Does wheat starch belong in a gluten-free diet?

Does wheat starch belong in a gluten-free diet?

In Honor of Celiac Disease Awareness Month, Gluten Free Watchdog is writing a series of articles (the goal is one per day during the month of May) related to the gluten-free diet–currently the ONLY treatment for celiac disease. 

Post (#8)…

First some background…

Under the FDA’s gluten-free labeling rule wheat starch is allowed in gluten-free foods as long as the final product contains less than 20 ppm of gluten. This is because wheat starch is considered by the FDA to be an ingredient processed to remove gluten.

Wheat starch is not wheat grain and it is not wheat protein. It is not intended to contain any gluten. BUT it is very difficult to completely separate the starch and protein components of wheat so small amounts of gluten remain in the wheat starch. Not all wheat starch is created equal. Depending on the extent of processing wheat starch will contain varying amounts of residual gluten. A recent study found wheat starch to contain from < 5 ppm of gluten to over 10,000 ppm of gluten (1). (wheat starch and wheat gluten are separated using water by first making dough. More than you ever wanted to know about this process is available at

Should folks with celiac disease eat wheat starch?

I have been writing about wheat starch since 2001 and the publication, “Wheat starch, gliadin, and the gluten-free diet.” My opinions are constantly evolving based on new information. In 2008 I wrote the following on wheat starch (from the Gluten Free Nutrition Guide, McGraw Hill):

“… If a manufacturer of wheat starch or products containing wheat starch demonstrates through testing that its products contain less than 20 parts per million of gluten, then in theory I support their consumption by people with celiac disease.”

BUT more is known today about testing wheat starch for gluten than was known 10 years ago.

For example, according to R-biopharm, wheat starch should be tested for gluten using both a sandwich and competitive ELISA (2). During the processing of wheat starch, residual gluten may be partially broken down (1). A sandwich ELISA detects intact or relatively intact gluten protein. A competitive ELISA detects gluten that has been broken down into smaller protein fragments.

In addition, the gluten content in wheat starch may be underestimated. The reason for this is complex. In brief, gluten is made up of prolamins and glutelins; in wheat the prolamin is gliadin and the glutelin is glutenin. When using the R5 ELISA, the gliadin value is multiplied by 2 to determine the level of gluten. In general, the gliadin to glutenin ratio is considered to be 1:1. However, in reality, this ratio is variable. In one recent study the ratio varied from 0.31 to 3.19 in wheat starch samples (1). The ratio was less than 1 in seven out of fifteen wheat starch samples (meaning that the gluten content was underestimated) (1).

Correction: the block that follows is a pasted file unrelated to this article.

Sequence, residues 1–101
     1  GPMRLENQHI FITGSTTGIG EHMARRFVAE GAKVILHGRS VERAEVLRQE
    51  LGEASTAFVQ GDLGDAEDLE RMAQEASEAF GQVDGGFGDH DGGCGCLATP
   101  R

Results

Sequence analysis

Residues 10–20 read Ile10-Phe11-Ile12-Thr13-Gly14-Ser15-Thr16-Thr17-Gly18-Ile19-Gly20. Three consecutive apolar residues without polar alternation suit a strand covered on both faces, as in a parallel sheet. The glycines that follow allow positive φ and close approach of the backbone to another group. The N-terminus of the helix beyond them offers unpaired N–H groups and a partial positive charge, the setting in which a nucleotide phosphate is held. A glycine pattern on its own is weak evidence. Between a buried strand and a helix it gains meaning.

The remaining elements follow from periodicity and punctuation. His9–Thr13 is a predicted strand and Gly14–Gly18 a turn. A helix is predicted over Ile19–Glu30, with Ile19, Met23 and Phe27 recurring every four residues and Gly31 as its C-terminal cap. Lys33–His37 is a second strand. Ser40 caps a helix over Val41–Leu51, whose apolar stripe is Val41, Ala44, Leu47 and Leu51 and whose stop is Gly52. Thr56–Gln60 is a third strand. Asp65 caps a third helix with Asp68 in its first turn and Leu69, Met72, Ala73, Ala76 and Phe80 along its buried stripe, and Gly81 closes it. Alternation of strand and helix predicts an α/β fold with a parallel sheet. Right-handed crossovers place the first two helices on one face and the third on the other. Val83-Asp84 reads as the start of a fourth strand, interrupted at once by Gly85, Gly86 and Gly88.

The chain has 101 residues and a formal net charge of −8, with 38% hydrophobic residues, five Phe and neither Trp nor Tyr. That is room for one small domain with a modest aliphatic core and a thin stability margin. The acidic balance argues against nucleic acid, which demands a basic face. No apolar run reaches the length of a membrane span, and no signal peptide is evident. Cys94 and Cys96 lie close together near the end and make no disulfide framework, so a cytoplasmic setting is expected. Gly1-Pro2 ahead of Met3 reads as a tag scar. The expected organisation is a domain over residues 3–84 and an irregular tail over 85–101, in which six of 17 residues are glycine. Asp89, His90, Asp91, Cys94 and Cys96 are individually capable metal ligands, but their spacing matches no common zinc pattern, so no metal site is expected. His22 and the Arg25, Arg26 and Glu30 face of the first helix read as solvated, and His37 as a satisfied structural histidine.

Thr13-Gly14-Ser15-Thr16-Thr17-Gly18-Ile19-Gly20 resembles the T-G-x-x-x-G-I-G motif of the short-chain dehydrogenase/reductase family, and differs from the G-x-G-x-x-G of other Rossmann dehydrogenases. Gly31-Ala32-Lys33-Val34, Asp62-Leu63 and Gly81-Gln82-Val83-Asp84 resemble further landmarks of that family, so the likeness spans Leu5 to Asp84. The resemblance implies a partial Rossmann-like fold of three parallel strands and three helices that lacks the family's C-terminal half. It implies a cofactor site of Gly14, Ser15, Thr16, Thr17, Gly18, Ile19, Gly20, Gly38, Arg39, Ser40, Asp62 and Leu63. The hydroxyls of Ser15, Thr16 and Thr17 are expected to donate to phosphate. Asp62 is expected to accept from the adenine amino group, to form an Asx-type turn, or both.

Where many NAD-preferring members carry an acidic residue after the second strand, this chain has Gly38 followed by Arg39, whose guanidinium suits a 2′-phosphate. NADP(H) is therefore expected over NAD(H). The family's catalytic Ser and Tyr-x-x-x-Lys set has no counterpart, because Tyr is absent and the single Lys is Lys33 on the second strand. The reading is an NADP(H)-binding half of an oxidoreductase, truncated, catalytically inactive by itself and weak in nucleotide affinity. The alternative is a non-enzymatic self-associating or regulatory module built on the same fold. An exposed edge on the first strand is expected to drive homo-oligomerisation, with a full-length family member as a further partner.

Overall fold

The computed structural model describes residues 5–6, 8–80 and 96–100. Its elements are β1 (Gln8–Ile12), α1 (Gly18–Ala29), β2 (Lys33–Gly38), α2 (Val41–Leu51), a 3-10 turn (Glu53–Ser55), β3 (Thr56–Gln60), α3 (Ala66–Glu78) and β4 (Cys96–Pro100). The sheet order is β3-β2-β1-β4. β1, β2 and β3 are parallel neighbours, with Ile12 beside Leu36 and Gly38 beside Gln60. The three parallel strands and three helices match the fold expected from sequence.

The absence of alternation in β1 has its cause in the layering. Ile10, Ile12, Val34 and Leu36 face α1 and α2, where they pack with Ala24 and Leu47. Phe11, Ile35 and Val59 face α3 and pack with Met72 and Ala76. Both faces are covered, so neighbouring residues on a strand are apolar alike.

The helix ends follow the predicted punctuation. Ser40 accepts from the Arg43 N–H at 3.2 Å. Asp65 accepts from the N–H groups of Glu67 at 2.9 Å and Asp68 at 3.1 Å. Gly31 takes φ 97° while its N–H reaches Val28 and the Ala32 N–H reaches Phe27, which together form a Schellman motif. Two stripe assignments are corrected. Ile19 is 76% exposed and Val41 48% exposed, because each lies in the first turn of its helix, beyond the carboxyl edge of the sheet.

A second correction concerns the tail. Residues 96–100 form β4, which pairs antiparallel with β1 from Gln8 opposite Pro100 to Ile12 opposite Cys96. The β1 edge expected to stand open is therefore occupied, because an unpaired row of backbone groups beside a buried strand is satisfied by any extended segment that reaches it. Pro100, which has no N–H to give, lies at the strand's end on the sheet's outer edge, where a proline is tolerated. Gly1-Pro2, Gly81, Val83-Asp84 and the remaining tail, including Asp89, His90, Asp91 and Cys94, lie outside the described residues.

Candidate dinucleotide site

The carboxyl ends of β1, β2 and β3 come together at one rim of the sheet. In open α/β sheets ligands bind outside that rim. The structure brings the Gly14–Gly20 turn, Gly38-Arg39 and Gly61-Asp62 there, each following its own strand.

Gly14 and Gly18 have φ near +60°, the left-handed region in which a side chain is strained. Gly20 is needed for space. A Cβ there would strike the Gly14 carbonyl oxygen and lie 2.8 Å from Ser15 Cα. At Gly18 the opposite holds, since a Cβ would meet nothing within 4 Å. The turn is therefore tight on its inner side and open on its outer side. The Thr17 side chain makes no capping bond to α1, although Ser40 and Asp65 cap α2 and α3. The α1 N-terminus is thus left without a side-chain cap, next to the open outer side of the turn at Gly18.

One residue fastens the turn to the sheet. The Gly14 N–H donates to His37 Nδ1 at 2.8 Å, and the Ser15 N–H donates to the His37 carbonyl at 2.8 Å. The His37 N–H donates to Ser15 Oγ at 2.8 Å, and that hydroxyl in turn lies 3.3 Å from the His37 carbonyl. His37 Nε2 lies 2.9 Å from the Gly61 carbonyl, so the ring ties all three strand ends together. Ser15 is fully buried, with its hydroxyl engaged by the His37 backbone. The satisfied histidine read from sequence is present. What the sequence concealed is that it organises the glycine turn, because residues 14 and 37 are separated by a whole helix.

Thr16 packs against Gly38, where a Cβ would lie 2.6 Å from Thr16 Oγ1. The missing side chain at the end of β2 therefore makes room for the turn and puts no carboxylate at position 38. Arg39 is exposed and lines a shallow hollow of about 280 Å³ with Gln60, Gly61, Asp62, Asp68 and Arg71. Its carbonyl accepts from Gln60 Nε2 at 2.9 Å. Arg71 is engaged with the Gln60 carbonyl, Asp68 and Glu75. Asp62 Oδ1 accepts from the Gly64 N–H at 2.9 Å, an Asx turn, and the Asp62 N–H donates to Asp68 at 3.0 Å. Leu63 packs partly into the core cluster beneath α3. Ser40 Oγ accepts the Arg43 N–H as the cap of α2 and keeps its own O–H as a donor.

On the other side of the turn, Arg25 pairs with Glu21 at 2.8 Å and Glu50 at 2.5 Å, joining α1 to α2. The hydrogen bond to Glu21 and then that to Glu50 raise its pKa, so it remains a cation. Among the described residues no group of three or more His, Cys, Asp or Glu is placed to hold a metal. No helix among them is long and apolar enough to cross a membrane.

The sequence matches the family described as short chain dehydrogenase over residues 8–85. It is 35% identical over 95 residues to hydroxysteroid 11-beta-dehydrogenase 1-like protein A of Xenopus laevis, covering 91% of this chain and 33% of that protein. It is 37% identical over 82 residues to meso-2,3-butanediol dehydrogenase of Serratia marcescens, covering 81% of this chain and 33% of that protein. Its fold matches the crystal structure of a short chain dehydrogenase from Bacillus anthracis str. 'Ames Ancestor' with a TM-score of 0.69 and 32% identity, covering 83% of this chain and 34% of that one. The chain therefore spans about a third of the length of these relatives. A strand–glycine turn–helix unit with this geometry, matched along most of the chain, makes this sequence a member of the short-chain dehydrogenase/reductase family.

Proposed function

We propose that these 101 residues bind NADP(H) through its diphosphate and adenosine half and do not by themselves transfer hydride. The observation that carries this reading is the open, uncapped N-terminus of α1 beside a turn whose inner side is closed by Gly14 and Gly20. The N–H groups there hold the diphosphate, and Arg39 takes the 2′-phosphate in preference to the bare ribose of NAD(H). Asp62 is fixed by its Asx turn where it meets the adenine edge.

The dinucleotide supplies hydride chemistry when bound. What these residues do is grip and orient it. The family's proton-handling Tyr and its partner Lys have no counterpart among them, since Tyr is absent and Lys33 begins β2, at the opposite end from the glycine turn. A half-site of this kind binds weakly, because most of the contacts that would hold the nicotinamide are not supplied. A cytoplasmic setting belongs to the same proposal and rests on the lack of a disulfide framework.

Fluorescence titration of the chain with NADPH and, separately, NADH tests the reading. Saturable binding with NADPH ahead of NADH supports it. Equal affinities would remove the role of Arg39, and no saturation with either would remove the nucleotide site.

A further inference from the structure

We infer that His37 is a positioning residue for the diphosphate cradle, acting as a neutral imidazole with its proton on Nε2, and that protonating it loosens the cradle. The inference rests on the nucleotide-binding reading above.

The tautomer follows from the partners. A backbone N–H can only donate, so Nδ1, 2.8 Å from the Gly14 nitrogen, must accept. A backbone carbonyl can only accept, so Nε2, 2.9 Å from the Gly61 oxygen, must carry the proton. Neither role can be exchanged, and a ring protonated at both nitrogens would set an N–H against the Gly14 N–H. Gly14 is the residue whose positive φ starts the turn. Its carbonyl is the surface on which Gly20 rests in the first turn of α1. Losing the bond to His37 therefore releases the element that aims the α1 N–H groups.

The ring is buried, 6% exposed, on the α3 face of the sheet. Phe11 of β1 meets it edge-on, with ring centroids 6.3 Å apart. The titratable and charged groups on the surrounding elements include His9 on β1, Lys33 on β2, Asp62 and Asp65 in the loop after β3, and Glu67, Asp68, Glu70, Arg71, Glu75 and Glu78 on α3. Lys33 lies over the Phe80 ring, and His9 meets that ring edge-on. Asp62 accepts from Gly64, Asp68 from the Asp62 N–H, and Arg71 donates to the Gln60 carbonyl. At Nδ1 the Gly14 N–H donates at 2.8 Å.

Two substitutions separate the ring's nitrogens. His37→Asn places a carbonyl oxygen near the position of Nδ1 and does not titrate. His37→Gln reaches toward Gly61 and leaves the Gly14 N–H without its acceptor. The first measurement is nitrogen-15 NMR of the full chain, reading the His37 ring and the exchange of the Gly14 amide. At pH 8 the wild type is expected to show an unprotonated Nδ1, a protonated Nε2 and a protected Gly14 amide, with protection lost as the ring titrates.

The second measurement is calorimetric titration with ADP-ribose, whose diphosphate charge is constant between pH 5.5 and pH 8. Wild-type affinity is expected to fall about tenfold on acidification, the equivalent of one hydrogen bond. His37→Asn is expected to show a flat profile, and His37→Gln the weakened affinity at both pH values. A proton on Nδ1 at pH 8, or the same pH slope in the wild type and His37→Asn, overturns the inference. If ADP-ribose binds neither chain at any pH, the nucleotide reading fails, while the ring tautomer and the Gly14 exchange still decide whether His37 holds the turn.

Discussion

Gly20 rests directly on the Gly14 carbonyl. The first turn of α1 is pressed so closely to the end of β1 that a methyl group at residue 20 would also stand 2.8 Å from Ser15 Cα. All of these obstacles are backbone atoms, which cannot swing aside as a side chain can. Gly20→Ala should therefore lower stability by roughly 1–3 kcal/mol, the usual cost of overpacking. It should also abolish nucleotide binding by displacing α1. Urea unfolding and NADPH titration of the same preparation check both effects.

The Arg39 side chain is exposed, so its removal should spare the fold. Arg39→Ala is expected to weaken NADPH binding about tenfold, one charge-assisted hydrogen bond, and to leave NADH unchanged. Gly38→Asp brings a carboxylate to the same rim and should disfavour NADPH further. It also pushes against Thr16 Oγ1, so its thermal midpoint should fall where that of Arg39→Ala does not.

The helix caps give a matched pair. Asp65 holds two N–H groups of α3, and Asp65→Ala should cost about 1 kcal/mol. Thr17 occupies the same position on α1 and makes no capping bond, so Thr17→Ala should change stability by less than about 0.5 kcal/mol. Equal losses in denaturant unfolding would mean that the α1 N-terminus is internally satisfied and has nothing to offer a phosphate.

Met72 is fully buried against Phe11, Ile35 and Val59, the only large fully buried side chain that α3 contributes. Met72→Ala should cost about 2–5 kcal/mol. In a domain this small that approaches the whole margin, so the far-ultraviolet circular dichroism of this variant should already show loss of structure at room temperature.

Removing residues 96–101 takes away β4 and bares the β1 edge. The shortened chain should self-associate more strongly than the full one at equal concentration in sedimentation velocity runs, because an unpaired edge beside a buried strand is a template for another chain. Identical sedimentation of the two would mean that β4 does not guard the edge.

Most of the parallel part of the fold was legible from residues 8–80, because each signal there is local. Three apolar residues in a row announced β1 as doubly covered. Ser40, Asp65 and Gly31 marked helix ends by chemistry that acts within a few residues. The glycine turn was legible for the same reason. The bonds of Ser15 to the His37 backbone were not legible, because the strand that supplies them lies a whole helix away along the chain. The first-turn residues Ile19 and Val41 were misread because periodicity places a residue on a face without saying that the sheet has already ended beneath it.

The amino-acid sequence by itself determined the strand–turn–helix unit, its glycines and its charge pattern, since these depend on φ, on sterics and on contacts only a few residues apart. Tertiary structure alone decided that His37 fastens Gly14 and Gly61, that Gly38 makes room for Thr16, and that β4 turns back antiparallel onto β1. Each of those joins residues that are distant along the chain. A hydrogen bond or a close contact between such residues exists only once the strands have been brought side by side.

Researchers concluded, “The considerable variation of gliadin to glutenin ratios confirmed the need for a reliable, non-immunochemical analytical method capable of accurately quantitating both gliadin and gluten in wheat starch samples to ensure the safety of gluten-free foods for coeliac disease patients.” (1)


Updated opinion on wheat starch…

Because of the current limitations associated with testing wheat starch for gluten, it is the opinion of Gluten Free Watchdog that products containing wheat starch are best avoided by individuals with celiac disease.

That said, if you have celiac disease or another gluten-related disorder and you would like to eat wheat-starch based foods, it is the recommendation of Gluten Free Watchdog that you do the following:

  1. Eat foods containing wheat starch only if the product is labeled gluten-free.
  2. Establish with the manufacturer that the final product is tested using both a sandwich and competitive ELISA.

Note: At Gluten Free Watchdog we have tested wheat starch labeled gluten-free and wheat starch not labeled gluten-free. As was expected, wheat starch not labeled gluten-free contained higher levels of gluten and gluten fragments than wheat starch labeled gluten-free. Nonetheless, wheat starch labeled gluten-free contained small levels of both intact and hydrolyzed gluten.

Note: While wheat starch is used in gluten-free foods in Europe, it is used in very few products in the US. The most well known product is likely Schar brand croissants. Schar provided Gluten Free Watchdog with a statement about their testing protocol for this product

Tomorrow’s post: Happy wheat starch isn’t used in more gluten-free foods? You may have Ener-G Foods & Elaine Hartsook to thank


  1. Proceedings of the 27thMeeting Working Group on Prolamin Analysis and Toxicity. Analytical Research Reports. Katharina Konitzer, Herbert Wieser, Peter Koehler. German Research Centre for Food Chemistry, Leibniz Institute, Freising, Germany. Quantitation of gluten in wheat starch by gel permeation chromatography with fluorescence detection Available at:
  2. R-biopharm. Ridascreen Gliadin Competitive. Available at:

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